Commercial real estate is a complex field. And that’s what makes it so intimidating to people who are curious about how it works and why investing in this sector is more lucrative.
For one, revenue from commercial real estate comes from tenants. Unlike residential properties in which your income sources are limited, commercial properties let you generate income from the multiple units you have in your portfolio. So, when you have a 50-unit apartment complex in your portfolio and 10 of these units are vacant, you still have 40 that produces cash flow.
But like most markets, commercial real estate goes through a cycle of boom and busts influenced by market players, from property developers down to the renters themselves.
This is how the commercial real estate cycle looks like as taken from a Medium.com article :
Phase I is called the “recovery phase” since it’s the point where the market starts to gain ground after a recession. There is a high inventory of distressed properties for investors to purchase and revitalize.
As vacancies decline, Phase II is triggered. New constructions begin to pick up along with demand and rent growth.
Phase III opens with new inventory flooding the market and contributing to what is known as hyper-supply where interest rates increase.
This culminates in a big crunch that results in a wave of distressed properties before the market restarts with Phase I.
Investors will only have to be creative and intuitive in this market in order to keep themselves from feeling the brunt of a recession. Often, the best strategy is to invest in the right type of apartment building and applying value-add strategies to an asset.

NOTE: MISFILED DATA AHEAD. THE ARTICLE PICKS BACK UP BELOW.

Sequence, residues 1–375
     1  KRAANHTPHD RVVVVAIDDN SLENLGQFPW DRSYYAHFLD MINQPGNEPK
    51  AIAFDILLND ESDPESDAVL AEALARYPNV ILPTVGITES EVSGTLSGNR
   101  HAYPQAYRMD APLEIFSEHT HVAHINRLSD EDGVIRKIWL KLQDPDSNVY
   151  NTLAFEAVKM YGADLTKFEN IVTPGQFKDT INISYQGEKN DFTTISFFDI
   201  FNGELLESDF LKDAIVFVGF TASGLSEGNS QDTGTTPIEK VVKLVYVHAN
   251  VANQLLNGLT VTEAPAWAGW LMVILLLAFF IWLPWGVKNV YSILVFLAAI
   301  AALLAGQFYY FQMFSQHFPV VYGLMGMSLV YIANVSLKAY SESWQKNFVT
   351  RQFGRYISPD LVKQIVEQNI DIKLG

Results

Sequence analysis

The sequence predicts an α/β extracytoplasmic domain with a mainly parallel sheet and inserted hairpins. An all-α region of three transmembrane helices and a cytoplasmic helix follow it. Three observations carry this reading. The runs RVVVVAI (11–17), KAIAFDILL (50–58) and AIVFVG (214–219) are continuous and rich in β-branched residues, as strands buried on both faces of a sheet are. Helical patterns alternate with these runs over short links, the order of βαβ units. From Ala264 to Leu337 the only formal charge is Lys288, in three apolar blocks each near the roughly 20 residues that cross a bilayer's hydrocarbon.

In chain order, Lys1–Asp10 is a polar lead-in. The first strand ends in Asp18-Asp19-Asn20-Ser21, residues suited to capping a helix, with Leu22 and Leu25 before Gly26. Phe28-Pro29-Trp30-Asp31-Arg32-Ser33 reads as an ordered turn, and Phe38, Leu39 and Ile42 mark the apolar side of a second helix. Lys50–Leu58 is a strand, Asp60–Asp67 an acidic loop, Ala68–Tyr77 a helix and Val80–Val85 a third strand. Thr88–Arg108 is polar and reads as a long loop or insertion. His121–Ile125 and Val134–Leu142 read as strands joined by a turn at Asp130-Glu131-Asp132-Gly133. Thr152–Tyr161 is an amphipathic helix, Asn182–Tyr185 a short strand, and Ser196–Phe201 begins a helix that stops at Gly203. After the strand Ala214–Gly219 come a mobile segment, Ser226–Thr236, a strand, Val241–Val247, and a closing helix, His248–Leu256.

CLASS SYSTEM OF RATING APARTMENT BUILDINGS
Let’s start by knowing the rating system investors should use when adding to their portfolios.
In commercial property investing, you will need to know what categories you should focus on:
Look along the lines of posh, upscale properties that are located in high-income communities. These are your luxury assets that only a small segment of the market can afford.
Low to low middle-income tenants are the prime markets for Class C apartments that usually have very low rent. These properties are ideal for people who prioritize affordability more than the lifestyle being offered.
These are catered towards upper middle-class tenants that mostly include professionals. The average age of Class B properties is 15 years old, although there are some that can reach up to 25.
Apartments with this classification are usually government subsidized and are also referred to as a form of social housing.
ADDING VALUE TO APARTMENTS
To maintain a strong net operating income from your apartment assets, you will need to increase its value by using these techniques:
If the property is distressed, you can revitalize it by making structural and aesthetic improvements. A new coat of paint, refurbished rooms, and decorations are often the best ways to go about it.
Leaky pipes and broken ceilings can take a toll on your investment property’s value, so make sure you do an inspection, look for problems and fix them right away.
3. Income-generating components
Adding a coin-operated laundry service and car parks can help you generate extra income on the side. At the same time, raise your property’s selling price later on.
4. New amenities
Are you catering to millennials or any specific demographic? Build amenities that are particular to the lifestyles of your niche, such as a fitness center, organic cafe, or a co-working space.